How much do NHL teams rely on backup goaltenders?
The first installment of a three-part series
This is Part No. 1 of a three-part series that will take a look at the current performance expectations of goaltenders in the NHL. Part No. 1 will examine Games Started, Points Percentage, and Save Percentage stats for backups from 2013-14 to 2019-20. Part No. 2 will do the same for starters. And finally, Part No. 3 will offer discussion and analysis on goaltender performance, with a primary focus on the importance of backups’ contributions.
— Pregame Skate contributor Thomas Pepin
Performance Expectations of NHL Backups
To start this study, it was important to define what a “starter” is. There are a number of ways to do this—by salary, career games played, who was labelled “starter” at the start of the season, etc.—so establishing this definition was difficult at first. In the end, what made the most sense—and was easiest for analyzing the stats—was to simply go with the goaltender who was assigned the most starts. After all, what better indicator would there be of who the starter is than who starts the most games.
Thereafter, I separated the goaltenders with the most starts for each team during the season, lumped the rest as “backups,” and gathered each category’s average Games Started (GS; to determine workload), Points Percentage (P%; to determine winning/team expectations), and Save Percentage (Sv%; to determine individual expectations).
Note: In order to account for goaltenders who get traded, any given goaltenders’ stats are separated into each team (i.e. as if each stat is a different goaltender) and therefore the denominator is the number of teams rather than number of goaltenders. Lastly, I broke things down further to determine expectations of each category in relation to making the Playoffs (seen in part three).
First, you can see that backups’ workloads, ranging from 26.1 to 31.6 GS, have been relatively consistent during the time period examined. This shows that backups are counted on for, on average, between 31.8% to 38.5% of starts.
Second, backups’ contribution to Points in the standings has been steadily increasing, from 52.6% in 2013-14 to 55.4% in 2019-20.
Third, backups’ ability to stop pucks has remained relatively consistent during the time period examined, ranging from a Sv% of .908 to .913.
From the above, it is clear that backups are critical to a team’s success and their importance appears to be increasing. Regarding starts, backups tend to play a pretty big chunk of a team’s games nowadays. Anecdotally, this is why you often see teams with a “1a, 1b” setup on their roster rather than the traditional “starter and backup.” How exactly different factors—like fatigue, greater goaltender consistency, higher team performance expectations, etc.—contribute to this trend is hard to say without being in the locker room.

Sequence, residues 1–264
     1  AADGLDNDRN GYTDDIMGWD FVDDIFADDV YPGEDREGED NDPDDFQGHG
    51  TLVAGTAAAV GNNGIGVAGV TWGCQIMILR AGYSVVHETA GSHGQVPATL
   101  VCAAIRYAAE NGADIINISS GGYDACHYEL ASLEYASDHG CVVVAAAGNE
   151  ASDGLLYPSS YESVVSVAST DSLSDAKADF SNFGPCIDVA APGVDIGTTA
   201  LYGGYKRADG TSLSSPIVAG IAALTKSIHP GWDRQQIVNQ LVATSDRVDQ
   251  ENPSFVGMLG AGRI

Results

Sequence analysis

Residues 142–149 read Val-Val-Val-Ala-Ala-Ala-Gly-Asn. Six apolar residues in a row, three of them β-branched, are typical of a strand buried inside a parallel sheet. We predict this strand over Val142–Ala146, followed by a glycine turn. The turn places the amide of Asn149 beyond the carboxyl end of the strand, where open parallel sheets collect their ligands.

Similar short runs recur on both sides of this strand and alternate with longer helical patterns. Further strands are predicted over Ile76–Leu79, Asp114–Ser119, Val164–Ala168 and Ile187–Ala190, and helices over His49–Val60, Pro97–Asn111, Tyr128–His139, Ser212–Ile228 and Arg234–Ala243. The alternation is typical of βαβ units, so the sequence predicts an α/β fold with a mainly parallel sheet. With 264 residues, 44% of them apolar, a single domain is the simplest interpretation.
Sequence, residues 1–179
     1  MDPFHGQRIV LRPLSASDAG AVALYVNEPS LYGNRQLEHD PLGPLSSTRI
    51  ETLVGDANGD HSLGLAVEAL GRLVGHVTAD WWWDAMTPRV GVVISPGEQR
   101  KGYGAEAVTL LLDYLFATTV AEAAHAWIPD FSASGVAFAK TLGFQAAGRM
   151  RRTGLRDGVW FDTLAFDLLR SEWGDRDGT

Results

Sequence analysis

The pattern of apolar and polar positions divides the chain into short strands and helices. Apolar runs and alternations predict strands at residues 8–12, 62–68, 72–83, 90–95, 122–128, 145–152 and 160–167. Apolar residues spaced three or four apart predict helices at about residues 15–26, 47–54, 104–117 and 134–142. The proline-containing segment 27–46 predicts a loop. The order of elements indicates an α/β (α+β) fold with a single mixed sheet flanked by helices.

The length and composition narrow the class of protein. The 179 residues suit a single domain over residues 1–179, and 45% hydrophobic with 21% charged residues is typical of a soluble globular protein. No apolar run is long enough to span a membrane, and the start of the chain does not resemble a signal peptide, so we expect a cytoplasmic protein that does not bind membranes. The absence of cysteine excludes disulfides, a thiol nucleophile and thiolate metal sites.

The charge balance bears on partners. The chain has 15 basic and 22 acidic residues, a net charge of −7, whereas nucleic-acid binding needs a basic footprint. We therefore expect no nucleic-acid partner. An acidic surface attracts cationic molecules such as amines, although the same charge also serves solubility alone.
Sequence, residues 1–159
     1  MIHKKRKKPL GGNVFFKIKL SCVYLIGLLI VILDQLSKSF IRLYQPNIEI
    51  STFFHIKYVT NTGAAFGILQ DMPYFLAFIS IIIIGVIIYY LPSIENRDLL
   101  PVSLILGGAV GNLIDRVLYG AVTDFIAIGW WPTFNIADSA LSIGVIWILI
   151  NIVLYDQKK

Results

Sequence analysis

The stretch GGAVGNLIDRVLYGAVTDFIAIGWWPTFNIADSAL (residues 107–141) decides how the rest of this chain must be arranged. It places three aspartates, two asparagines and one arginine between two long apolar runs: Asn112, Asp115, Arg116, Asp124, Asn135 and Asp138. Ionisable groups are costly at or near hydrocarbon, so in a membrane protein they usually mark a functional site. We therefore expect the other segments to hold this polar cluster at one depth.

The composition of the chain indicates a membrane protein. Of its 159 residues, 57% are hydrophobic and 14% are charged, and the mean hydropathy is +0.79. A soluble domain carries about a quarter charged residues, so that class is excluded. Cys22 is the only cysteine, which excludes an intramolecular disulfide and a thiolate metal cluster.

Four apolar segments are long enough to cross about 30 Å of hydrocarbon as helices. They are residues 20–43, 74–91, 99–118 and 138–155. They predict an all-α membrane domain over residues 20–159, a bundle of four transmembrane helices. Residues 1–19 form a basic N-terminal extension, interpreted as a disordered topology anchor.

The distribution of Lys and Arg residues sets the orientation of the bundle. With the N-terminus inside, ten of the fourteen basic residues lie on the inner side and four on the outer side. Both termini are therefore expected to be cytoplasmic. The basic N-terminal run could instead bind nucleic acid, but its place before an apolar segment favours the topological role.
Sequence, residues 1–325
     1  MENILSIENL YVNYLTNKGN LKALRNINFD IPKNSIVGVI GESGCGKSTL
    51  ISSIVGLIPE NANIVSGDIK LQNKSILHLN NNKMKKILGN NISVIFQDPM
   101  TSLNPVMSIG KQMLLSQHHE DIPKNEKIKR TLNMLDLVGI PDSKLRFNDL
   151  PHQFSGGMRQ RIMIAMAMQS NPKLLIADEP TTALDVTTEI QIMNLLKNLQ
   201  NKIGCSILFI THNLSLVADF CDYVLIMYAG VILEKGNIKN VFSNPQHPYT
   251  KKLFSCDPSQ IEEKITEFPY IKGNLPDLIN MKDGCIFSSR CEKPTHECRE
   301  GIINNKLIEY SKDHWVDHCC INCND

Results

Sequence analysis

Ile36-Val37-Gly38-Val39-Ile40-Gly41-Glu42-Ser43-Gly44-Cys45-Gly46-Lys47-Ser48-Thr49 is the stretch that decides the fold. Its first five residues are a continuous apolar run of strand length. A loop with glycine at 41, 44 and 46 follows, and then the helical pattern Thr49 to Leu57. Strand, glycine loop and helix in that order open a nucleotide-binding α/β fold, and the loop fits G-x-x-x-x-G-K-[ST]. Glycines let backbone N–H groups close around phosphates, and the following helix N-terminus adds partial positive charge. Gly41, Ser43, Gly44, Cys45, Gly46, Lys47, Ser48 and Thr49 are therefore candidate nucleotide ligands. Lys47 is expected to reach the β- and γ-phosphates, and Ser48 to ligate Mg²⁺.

Since contrasting individual performance expectations (Sv%) between starters and backups is beyond the scope of this article, it’s also hard to say how good these individual stats are. That said, having played goalie myself and watched goalies closely throughout my life, a minimum of a .908 Sv% for a backup seems pretty darn good. Personally, I was expecting this number to be lower, but things will be a lot clearer on this front when we get to part three of this study.
The most interesting stat to me was the only one that had a clear trend: Points Percentage.
What this result tells you is that there are no excuses for backups anymore. They’re not only expected to “hold water” like they were in the past; now, they’re expected to win, and more so every year. That being said, one could argue that maybe this is simply an indication of more quality goaltenders being developed every year. Or maybe teams are better at evaluating and choosing the right goaltenders to be backups. Or maybe it’s all of the above and more. In any case, there’s something going on here.
Long story short, the study above shows that backup goaltenders are clearly important, and maybe more so than you would have expected. Nowadays, regardless of if you’re a fan, player, coach, or manager, it’s important not to be fixated on who your team’s starter is.
Instead, you should be paying close attention to your team’s backup—nearly as much as you do to the starter.
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